javascript christmas

Promises of opportunities

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Quick tips on all you can do with Promises. Because my tips don't lie!

A 4 min read written by
Henrik Hermansen

For this post I hope you're familiar with how to create a Promise, how to receive its resolved value and how to catch a rejection. But if you thought that was it, I have some other neat features and tricks to show you.

The I-want-to-do-something-regardless function

So, you're fetching some data, and your view controller has some state to indicate this to your user. But how do you update this state when your fetching is complete, regardless of your Promise being resolved or rejected? While you could update the state in both a .then() and a .catch() function, Promises has yet another link in the chain: the .finally().

fetch(someURL)
  .then(response => /* handle your resolved response */)
  .catch(exception => /* handle your rejected value */)
  .finally(() => isLoading = false);

Returning from functions

Did you ever wonder what happens if you return from the functions you chain on to your Promise? You actually get a new Promise, resolved with whatever you return (except for .finally()). This means you can actually recover from rejections, or alter your resolved values.

new Promise((resolve, reject) => resolve('All is good')) // Promise {<resolved>: "All is good"}
  .then(value => `${value}, all is well`) // Promise {<resolved>: "All is good, all is well"}
  .then(value => { throw 'Something broke' }) // Promise {<rejected>: "Something broke"}
  .catch(value => `${value}, but I can fix it`) // Promise {<resolved>: "Something broke, but I can fix it"}
  .finally(() => 'What now?') // Returning in finally() just returns a copy: Promise {<resolved>: "Something broke, but I can fix it"}

Synchronous promises

You can instantaneously create a resolved or rejected Promise. It's very easy.

Promise.resolve('All is good') // Promise {<resolved>: "All is good"}
Promise.reject('Something broke') // Promise {<rejected>: "Something broke"}

Wait, what? Isn't the whole point of Promises to be async? Not necessarily. Recently I needed to create a Promise which would either be synchronous or asynchronous based on my state, and then I would use that value for some more async stuff. Still confused? Hopefully a code example can help with that.

const promiseOfSomeData = myState
  ? Promise.resolve(myState)
  : new Promise(resolve => {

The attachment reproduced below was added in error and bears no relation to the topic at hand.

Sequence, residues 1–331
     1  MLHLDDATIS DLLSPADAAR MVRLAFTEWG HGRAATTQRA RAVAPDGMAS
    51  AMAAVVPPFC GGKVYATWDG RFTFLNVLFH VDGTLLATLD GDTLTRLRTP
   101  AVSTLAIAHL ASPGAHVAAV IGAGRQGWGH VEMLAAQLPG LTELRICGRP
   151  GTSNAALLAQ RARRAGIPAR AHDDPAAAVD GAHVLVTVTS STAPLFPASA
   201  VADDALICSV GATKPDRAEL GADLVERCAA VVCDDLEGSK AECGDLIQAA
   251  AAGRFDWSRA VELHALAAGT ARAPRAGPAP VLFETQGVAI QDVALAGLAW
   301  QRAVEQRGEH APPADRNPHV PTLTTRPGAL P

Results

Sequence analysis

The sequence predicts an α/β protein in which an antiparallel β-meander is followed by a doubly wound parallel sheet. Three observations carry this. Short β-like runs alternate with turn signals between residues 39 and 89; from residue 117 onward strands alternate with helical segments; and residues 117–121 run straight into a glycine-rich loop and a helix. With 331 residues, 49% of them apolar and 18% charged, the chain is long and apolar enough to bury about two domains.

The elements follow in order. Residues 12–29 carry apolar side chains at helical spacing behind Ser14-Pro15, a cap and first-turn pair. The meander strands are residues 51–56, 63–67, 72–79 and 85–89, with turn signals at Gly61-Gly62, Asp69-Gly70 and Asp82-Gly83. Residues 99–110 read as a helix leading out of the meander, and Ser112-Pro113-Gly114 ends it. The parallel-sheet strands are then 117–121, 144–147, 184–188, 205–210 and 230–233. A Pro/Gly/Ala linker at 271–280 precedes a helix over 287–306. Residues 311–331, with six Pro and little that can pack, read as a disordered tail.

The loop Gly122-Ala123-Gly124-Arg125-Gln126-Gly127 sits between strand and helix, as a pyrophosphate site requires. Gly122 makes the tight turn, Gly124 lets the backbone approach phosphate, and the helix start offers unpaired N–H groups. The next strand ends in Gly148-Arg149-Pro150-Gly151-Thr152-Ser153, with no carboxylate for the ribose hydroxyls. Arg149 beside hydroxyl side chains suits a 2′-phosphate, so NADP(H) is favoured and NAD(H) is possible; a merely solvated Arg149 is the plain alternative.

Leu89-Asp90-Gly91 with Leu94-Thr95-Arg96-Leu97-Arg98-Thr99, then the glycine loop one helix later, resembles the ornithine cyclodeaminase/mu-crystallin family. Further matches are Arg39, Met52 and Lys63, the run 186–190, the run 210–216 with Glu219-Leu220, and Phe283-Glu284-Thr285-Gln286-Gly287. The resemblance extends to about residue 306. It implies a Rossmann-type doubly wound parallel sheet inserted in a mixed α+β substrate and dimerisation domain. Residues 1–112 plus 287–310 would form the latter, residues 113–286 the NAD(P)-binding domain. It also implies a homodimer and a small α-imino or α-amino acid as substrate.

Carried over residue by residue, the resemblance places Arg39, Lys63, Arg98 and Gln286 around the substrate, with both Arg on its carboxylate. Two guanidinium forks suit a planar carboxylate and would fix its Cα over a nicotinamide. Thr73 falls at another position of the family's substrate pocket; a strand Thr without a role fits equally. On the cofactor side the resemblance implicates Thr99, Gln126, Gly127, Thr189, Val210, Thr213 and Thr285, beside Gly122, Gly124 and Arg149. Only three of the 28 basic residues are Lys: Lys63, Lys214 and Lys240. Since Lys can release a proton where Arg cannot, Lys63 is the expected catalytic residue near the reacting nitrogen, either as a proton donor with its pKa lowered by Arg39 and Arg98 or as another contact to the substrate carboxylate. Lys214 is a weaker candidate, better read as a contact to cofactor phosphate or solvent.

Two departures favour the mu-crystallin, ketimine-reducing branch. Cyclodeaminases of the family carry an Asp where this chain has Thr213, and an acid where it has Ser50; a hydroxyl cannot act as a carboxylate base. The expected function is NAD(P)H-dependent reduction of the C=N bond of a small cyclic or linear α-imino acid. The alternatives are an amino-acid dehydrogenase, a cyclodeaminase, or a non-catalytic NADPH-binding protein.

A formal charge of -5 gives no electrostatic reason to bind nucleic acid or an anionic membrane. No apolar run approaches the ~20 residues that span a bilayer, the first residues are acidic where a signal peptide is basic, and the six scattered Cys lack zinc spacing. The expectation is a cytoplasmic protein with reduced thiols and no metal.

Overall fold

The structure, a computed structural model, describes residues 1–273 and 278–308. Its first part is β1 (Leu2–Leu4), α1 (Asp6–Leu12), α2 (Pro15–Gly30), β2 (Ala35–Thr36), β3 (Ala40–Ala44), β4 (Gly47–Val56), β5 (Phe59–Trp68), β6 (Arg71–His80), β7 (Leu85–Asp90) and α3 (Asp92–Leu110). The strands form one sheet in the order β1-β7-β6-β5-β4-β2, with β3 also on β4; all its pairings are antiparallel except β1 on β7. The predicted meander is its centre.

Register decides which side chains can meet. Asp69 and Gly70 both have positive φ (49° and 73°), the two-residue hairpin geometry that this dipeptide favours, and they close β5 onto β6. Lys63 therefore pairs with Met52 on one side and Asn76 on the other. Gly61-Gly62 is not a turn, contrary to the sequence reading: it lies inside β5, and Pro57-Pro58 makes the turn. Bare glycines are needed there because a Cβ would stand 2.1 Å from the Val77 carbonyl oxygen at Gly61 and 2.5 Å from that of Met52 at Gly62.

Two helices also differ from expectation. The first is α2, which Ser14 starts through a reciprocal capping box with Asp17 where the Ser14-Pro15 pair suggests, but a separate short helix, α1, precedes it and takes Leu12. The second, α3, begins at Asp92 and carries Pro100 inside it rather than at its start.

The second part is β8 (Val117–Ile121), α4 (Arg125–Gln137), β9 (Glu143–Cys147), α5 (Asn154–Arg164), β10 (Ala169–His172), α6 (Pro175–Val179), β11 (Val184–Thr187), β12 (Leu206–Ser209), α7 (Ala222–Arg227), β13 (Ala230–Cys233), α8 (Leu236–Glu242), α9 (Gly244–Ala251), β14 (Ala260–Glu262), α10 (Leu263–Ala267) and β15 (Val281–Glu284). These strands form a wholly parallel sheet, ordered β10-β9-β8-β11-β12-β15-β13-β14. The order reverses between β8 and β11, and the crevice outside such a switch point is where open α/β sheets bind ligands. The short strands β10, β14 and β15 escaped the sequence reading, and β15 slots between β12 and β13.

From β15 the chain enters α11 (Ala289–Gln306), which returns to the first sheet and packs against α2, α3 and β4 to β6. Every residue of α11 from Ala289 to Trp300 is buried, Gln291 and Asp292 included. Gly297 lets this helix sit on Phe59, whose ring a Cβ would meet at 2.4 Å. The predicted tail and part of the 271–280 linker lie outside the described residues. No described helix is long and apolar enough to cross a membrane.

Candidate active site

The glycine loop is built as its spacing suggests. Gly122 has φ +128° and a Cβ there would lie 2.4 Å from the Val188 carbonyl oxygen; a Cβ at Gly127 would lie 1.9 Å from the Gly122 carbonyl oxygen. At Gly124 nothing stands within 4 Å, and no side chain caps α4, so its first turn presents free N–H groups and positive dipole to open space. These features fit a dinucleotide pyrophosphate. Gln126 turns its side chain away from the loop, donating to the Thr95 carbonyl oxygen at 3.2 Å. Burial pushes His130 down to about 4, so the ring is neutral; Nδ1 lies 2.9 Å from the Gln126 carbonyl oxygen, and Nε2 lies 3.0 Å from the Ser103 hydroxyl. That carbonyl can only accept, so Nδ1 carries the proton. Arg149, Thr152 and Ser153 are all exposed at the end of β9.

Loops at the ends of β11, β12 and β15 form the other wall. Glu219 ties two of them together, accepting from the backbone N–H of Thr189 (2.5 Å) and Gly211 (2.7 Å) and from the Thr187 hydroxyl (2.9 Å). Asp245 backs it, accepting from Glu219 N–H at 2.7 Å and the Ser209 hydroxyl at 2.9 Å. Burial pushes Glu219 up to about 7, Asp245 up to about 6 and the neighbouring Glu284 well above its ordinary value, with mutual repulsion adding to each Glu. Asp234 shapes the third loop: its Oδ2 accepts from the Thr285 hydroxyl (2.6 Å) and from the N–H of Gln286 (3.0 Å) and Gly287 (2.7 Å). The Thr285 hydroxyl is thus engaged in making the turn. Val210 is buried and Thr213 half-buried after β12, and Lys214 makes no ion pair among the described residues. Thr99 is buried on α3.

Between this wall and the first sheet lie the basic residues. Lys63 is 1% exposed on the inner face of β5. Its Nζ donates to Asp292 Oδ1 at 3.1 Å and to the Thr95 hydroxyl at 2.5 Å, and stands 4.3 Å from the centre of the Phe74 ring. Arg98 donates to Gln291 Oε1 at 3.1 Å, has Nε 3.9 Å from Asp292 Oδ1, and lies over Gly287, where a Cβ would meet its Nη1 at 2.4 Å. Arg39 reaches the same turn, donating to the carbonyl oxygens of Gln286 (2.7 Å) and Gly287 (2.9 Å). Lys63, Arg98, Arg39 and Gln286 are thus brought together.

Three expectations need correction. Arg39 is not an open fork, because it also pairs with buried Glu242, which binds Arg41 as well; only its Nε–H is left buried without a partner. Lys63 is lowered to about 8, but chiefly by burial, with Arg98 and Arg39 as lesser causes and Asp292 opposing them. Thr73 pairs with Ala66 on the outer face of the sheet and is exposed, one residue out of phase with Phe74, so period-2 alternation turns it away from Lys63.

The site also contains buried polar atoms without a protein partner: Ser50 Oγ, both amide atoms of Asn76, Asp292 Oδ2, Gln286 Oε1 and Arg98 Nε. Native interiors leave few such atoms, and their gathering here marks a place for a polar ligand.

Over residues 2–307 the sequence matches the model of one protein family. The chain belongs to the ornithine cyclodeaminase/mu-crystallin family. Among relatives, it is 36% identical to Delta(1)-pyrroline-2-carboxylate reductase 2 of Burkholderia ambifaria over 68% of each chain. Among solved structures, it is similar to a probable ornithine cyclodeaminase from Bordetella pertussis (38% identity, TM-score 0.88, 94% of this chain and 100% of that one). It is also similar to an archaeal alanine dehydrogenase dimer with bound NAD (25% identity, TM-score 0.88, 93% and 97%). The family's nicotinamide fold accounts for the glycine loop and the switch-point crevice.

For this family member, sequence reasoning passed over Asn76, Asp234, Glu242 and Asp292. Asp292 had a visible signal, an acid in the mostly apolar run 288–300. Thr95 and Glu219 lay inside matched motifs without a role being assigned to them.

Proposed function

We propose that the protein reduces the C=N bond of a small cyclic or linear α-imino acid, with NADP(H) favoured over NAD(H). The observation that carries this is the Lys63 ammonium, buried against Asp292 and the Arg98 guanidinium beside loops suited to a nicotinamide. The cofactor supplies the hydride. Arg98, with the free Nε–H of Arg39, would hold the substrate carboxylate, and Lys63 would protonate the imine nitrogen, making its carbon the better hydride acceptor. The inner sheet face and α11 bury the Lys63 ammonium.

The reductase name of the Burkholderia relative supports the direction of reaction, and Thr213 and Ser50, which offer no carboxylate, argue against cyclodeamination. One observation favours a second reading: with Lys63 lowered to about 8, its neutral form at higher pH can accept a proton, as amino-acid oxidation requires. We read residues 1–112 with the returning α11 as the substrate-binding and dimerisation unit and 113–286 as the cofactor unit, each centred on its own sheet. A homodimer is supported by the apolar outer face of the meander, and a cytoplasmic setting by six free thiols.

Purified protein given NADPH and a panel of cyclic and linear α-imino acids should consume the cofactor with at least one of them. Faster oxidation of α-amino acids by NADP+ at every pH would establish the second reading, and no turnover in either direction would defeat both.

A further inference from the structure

fetch(someDataURL).then(response => resolve(response))
  });

promiseOfSomeData.then(data => /* This will either be myState or response, based on the ternary */);

I can Promise you everything

Consider you need to fetch some data, and wait for it all to be fetched, before you do something. Perhaps this is what comes to mind?

fetch(customersURL)
  .then(customers => {
    fetch(productsURL)
      .then(products => {
        // Process this data
      });
  });

This is starting to look like the callback hell we were trying to combat with Promises in the first place. Instead, you can use .all(). Some code will hopefully be sufficient to explain it.

Promise.all([fetch(customersURL), fetch(productsURL)])
  .then(([customers, products]) => /* Process that data */)
  .catch(error => /* Do something */);

As you can see, .all() takes an array of Promises, and resolves with an array of resolved values. You should note that this is fail-fast, which means .catch() will run immediately when any of the Promises fails.

"It's a race!"

said Rowan Atkinson in the 2001 film Rat Race. Promise.race() isn't too different from that movie, in the sense that whichever Promise comes first will win. However, unlike the characters in the movie, Promises can also reject.

I'm sorry, I'll stop speaking in code, and rather show you with code.. Oh, you know what I mean!

Promise.race([fetch(customersURLmirror1), fetch(customersURLmirror2)])
  .then(customers => /* Do something */)
  .catch(error => /* Do something else */);

Initially this sort of looks like .all(), but as you can probably tell, this will resolve with just one value. Simply put, .all() will resolve or reject with the value/error as soon as any of the Promises in the array resolves or rejects.

It's Saturday, I want to head out now

Good, because this was all I had for today.

I hope your X-mas looks promising, and that everything will be resolved!

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